In Dr. Teng’s blog discussing the technology a good deal of the description is devoted to how it performs in high gravity environments.

"In demonstrations, the prototype system has functioned effectively in a variety of electronics and application environments. We also subjected it to harsh conditions during testing and found it could successfully operate in extremely high gravity applications. More specifically, the prototype has operated in conditions that simulate more than 10 times the normal force of gravity! By comparison, this gravity force is more than four times greater than what someone would experience on the Mission Space ride at Disney."

I don’t recall any other new materials that were intended for heat management in computer chips spending so much time highlighting their functionality in high G’s without mentioning much in the way how much better their heat management is.

This preoccupation along with the DARPA contract leads me to suspect that we will likely see this in aerospace before we see in laptops. 


Report on Potential Risks of Nanotechnology in Electronics Needs a Second Draft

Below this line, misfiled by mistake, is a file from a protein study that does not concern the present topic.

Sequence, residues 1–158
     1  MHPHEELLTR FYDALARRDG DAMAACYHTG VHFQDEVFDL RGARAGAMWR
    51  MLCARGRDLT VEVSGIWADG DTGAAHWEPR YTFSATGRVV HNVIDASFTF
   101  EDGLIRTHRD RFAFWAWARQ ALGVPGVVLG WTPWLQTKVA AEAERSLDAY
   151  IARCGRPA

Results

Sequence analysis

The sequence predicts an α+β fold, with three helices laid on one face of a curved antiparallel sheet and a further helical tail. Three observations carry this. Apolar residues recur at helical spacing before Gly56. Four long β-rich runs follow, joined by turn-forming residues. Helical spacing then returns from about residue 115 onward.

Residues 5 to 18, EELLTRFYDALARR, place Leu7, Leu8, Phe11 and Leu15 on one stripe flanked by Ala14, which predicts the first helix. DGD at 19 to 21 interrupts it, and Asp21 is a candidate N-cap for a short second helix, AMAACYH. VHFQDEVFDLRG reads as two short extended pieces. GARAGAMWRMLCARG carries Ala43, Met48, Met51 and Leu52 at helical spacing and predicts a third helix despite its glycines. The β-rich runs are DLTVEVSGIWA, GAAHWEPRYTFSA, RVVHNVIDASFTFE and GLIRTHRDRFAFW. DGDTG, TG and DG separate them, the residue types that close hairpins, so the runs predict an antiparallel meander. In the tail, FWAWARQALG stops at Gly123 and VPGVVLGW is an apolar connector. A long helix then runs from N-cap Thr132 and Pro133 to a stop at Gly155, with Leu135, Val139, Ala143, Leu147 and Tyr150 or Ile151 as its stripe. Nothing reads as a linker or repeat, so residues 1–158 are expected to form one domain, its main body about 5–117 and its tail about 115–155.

I have encountered both hopeless ideologues and blinded cheerleaders on either side of the nanotechnology and toxicity debate, and in my experience it is the environmentalists who are just unreachable.

Like Pavlovian Dogs, they see the term “nanotechnology” and bark back “What about the environment?”. They don’t really discern between microscopy tools and nanoparticles, never mind delineate among the vast amount of different nanoparticles. They just know that nanotechnology is untested and being foisted upon them as unsuspecting consumers by some evil industry.

At least with the nanotech cheerleaders you can temper their enthusiasm if you explain the situation a little bit. After all greed has as its close relative fear, but ideology’s closest kin is ignorance. There is a little you can do to overcome that, certainly the force of argument doesn’t help.

In both observing this debate and covering the issue, I have not come across any organization that has presented more faulty thinking on the subject than the Silicon Valley Toxics Coalition (SVTC).

So egregious is their thinking in these matters that I am torn between believing that it must be a deliberate misrepresentation of the issues or they just don’t know or understand them. The latest insult to our collective intelligence is their white paper entitled “Nanotechnology in Electronics: The Risk to Human Health”.

Let’s take a look at it. It starts out with a definition of nanotechnology in the first sentence that is not too bad as these definitions go. But in the next sentence manages to confuse the concept of molecular nanotechnology with the nanomaterials variety that they are no doubt railing against. This is just an introduction to the confused thinking we find further.